Part Two – Getting Feedback
At the beginning of this series, we discussed writer promotion basics; how to establish you (and your work) as an active on-line commodity. Assuming you’ve been a busy marketing beaver, you’ve now got your new website all set up and ready to go. And you’re all over Facebook and Twitter like ants at the proverbial picnic table…
So what’s next on your journey towards screenwriting world domination?
Well, you could use some of the great resources out there to get coverage (aka, feedback, notes etc) of your cinematic baby. Rewriting and polishing it until it shines, for that day when you get that oh so precious email: “send us a copy of your script…”
As they say, you only get one chance to make a first impression. So you want that script to be perfect.
Okay, so you’re not going to get professional coverage without paying for it. (Though when you’re ready, don’t forget to take a look at STS’s very own talented and detailed script consultant, Danny Manus, of NoBullscript Consulting!
But there are some great places to get your screenplays read without shelling out your limited dough, complete with feedback and notes.
Below you’ll find a list of sites where gifted amateur screenwriters – and the occasional pro – congregate and provide useful recommendations.
A few words of caution before we dive in: it’s worth pointing out that you’re putting your work (your baby!) online for others to see and comment on.
1) Make sure it’s copyrighted – either through the Library of Congress or at least WGA. And no, not everyone’s out to steal your script or idea. But there are always some bad apples lurking around. Somewhere.
2) Bear in mind: on the net, free expression reigns supreme. Barring any board limits and moderations, people can and will voice their opinions as they see fit. Feedback is usually respectful, but inevitably some trolling and flaming occurs. Following are a few helpful ideas to keep it to a minimum:
3) Check your grammar and spellen. (Um, “spelling”) And then check it again! Readers quickly get distracted with error strewn scripts… and often leave choice comments before they move onto other things. Besides, if you can’t be bothered to run an easy spell check and read through the pages, why in the world would you expect a stranger to do so. For free?!? (An extra tip, if grammar isn’t your thing, there’s some online help… check out Ginger for example.)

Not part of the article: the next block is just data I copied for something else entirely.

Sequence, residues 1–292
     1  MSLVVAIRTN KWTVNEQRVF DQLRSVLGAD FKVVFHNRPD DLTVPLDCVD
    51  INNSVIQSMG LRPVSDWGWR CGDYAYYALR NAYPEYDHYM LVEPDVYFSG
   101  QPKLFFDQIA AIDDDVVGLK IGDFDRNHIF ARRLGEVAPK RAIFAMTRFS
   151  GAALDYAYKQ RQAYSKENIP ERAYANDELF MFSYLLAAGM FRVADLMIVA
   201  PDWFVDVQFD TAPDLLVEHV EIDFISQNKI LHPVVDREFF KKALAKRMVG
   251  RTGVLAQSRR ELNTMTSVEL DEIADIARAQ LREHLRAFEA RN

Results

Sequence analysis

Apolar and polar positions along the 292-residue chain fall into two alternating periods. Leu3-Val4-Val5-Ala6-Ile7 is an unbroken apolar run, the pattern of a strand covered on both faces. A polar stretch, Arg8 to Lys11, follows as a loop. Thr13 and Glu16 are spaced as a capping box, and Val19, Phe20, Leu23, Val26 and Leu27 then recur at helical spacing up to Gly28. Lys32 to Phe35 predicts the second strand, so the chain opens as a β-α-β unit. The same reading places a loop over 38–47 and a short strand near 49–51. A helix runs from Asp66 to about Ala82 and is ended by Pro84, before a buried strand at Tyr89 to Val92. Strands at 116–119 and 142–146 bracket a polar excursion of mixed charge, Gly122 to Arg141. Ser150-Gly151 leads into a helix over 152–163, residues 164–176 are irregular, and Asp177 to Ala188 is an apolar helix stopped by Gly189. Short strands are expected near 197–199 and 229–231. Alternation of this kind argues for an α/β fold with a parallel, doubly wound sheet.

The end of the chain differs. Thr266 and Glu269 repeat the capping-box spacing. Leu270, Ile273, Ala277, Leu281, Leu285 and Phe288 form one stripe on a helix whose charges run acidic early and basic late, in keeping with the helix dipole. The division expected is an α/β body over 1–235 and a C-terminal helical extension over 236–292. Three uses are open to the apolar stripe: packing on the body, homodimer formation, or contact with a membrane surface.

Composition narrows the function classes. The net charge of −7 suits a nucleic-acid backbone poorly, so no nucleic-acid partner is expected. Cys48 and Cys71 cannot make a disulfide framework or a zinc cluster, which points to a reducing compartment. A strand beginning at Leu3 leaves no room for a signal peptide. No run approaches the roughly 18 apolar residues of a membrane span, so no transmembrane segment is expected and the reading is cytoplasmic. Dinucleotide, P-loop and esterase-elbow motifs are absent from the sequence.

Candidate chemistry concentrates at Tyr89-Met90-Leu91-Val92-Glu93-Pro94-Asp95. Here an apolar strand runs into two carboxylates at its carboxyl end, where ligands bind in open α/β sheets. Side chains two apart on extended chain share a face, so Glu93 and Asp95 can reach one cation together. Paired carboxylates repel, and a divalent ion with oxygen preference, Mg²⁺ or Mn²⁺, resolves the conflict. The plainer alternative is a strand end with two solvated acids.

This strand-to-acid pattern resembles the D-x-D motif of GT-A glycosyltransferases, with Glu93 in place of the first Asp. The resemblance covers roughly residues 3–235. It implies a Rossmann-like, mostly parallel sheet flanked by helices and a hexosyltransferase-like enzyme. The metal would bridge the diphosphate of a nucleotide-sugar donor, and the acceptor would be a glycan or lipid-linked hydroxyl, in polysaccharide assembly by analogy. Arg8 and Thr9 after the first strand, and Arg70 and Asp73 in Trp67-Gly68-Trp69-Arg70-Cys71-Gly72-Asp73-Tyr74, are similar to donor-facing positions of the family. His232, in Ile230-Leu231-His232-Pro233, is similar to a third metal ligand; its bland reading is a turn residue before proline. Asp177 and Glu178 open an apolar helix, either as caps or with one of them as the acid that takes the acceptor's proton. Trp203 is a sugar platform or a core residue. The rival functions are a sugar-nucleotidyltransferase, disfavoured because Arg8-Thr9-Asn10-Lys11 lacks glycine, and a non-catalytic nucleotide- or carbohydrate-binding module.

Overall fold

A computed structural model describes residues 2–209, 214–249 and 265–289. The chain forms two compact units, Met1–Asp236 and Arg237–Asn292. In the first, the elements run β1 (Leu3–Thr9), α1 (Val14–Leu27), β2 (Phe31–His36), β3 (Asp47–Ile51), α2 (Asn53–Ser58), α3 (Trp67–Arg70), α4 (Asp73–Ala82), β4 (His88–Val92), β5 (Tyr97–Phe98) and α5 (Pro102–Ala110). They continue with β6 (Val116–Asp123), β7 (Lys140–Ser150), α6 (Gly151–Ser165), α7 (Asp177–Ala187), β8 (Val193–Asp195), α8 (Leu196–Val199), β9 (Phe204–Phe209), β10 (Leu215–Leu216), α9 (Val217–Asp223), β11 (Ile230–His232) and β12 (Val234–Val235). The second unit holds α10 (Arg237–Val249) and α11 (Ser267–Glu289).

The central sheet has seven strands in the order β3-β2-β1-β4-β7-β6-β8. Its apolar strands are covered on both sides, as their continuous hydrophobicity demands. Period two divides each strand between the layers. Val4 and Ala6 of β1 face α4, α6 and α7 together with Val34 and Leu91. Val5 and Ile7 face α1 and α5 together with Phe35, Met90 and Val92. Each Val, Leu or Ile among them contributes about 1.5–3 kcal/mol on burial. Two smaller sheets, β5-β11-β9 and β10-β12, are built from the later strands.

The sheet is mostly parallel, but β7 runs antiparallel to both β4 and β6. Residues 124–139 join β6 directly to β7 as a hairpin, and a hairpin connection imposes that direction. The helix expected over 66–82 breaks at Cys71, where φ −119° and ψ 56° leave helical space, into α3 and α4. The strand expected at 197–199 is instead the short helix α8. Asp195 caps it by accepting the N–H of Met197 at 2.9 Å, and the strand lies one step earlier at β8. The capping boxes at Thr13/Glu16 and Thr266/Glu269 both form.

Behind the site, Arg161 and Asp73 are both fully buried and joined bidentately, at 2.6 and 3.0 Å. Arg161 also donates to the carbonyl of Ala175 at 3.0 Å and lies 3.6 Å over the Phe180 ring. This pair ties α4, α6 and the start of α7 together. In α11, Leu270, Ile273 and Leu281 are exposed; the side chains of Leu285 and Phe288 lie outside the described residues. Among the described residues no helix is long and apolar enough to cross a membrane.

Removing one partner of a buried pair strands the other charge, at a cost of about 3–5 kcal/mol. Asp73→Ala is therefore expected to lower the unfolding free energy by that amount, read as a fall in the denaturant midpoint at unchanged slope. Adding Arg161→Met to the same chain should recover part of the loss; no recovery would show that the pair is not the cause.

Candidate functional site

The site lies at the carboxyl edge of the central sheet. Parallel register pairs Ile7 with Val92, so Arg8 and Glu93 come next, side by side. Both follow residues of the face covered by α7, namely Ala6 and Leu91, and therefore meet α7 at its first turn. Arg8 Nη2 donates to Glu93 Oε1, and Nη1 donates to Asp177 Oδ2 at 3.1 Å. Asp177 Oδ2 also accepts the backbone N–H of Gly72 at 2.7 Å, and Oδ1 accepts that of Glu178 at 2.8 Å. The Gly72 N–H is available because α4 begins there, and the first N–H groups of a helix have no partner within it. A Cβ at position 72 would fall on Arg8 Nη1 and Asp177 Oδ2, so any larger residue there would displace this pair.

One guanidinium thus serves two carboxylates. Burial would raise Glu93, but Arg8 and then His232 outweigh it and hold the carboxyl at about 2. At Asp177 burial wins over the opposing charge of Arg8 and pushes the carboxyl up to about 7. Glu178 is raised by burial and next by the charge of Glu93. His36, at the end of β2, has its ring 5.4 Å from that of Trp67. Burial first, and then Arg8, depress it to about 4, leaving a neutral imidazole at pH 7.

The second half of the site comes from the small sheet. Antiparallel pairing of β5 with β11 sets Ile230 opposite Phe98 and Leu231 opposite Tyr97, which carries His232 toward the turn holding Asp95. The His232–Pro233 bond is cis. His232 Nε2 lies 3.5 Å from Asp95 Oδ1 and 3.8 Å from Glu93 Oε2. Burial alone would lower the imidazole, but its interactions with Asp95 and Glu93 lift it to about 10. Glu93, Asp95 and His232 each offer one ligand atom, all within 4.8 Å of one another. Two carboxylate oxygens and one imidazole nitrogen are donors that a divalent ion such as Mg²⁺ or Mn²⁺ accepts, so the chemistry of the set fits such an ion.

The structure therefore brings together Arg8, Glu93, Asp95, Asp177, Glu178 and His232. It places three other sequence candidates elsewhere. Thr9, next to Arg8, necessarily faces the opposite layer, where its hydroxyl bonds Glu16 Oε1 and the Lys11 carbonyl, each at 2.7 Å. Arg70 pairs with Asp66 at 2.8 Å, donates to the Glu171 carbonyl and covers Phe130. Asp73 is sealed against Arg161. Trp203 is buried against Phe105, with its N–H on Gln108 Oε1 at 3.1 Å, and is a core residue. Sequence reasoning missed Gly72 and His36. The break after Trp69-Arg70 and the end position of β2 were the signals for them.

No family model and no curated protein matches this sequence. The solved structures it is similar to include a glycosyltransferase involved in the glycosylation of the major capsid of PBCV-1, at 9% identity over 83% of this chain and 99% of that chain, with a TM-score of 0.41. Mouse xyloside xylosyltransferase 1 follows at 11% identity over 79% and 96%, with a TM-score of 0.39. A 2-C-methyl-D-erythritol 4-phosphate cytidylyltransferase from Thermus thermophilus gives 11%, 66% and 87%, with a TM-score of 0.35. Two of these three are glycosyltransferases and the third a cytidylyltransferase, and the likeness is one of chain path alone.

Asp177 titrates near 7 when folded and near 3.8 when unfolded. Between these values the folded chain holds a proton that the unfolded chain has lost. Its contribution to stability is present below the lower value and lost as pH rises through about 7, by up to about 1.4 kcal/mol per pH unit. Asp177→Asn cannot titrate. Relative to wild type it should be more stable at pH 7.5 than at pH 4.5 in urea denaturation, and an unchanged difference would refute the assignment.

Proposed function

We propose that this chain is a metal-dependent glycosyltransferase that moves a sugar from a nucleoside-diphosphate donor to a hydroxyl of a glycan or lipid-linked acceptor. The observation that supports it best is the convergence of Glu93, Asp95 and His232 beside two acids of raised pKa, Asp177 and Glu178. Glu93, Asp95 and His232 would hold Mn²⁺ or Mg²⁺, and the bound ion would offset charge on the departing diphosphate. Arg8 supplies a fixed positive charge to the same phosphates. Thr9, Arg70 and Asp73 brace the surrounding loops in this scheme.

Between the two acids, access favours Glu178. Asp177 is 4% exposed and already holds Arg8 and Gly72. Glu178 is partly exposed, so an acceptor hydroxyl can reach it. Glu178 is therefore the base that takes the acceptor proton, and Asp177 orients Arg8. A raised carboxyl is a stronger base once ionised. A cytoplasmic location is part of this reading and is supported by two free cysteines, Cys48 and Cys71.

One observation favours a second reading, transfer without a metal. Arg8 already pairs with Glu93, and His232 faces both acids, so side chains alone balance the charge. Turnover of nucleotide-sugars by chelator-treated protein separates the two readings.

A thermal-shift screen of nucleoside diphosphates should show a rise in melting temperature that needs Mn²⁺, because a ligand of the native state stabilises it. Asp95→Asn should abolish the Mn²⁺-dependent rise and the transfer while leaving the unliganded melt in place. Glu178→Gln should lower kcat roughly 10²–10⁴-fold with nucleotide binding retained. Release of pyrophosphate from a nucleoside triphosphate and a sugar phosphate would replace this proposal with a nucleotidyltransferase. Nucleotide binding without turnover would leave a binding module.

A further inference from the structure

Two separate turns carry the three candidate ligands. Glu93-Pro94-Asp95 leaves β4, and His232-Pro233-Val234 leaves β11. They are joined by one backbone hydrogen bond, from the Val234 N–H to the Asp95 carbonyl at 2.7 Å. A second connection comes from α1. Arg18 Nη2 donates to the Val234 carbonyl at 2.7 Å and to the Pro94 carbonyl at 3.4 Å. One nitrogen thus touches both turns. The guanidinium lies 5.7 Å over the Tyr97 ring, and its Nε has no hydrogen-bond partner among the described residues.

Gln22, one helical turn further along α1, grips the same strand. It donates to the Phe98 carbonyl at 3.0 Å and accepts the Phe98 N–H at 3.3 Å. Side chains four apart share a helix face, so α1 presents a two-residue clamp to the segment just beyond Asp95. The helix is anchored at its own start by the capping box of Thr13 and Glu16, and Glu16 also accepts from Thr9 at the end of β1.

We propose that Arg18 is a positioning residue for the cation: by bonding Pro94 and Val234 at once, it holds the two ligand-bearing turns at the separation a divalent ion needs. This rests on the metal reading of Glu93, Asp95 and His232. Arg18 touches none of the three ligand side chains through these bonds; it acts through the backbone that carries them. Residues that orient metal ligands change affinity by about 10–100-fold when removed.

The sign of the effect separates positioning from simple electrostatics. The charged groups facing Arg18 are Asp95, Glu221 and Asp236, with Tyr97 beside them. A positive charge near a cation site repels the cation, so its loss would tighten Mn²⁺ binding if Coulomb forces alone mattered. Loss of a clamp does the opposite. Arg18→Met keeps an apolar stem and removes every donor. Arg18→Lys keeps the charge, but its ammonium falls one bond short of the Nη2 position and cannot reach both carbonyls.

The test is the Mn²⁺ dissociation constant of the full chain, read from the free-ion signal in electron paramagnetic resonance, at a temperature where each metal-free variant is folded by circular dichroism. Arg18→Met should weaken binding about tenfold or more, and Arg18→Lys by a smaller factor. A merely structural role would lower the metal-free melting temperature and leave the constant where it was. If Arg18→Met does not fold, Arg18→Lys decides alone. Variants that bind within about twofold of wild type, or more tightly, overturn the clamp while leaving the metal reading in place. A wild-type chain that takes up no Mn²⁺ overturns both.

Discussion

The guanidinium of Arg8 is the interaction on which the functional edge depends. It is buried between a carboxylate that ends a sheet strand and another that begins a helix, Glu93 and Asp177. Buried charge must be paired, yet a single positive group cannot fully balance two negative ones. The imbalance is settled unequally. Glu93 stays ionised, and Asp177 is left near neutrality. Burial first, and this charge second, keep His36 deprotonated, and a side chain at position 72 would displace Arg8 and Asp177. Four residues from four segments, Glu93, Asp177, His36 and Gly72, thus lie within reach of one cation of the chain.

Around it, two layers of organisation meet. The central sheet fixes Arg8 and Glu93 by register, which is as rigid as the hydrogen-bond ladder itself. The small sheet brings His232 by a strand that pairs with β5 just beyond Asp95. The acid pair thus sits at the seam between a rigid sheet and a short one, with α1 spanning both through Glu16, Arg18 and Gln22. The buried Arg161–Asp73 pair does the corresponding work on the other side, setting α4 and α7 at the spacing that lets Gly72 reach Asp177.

4) Make sure the screenplay’s formatted correctly, using screenwriting software to ensure the basics are right. Final Draft is the standard for pros, but a bit pricey. For the cash strapped, CeltX is free, as is the web version of WritersDuet. Making sure your formatting’s up to snuff removes another reader distraction.
5) Save or upload your docs as PDFs. People don’t like seeing screenplays written in Word. It screams amateur.
6) The vast majority of these sites work on – and appreciate – reciprocity. So if you ask for a read, make darned well sure you give thoughtful ones in return.
7) Consider all comments and feedback. No script is so perfect that it can’t be improved on. That said, don’t forget it’s your script. So use the recommendations to improve and polish your work. Not change it into something else.
8) Don’t limit yourself to asking for script feedback. These sites are the online homes of tons of helpful fellow writers. Reach out to them with other questions as well. How to get through a tricky piece of writing, logline reviews, etc. You name it. People will have thought about it, and will be willing to share.
Now for the online resources themselves:
Simply Scripts – http://www.simplyscripts.com/
Kind of an obvious choice, given you’re reading this off the homepage. But it’s a fact that bears repeating: the SimplyScripts discussion board is populated by a bunch of talented writers, most of whom are happy to help fellow scribes out. The site has two primary sections for getting script exposure: 1) A general discussion board for unproduced works – divided by features/shorts and genres, 2) The script Showcase “Shootin’ the Shorts” (STS), where selected short scripts (and one feature a month) get fantastic exposure through in-depth reviews. Please note: STS is for shorts ready to shoot, not first draft works in progress!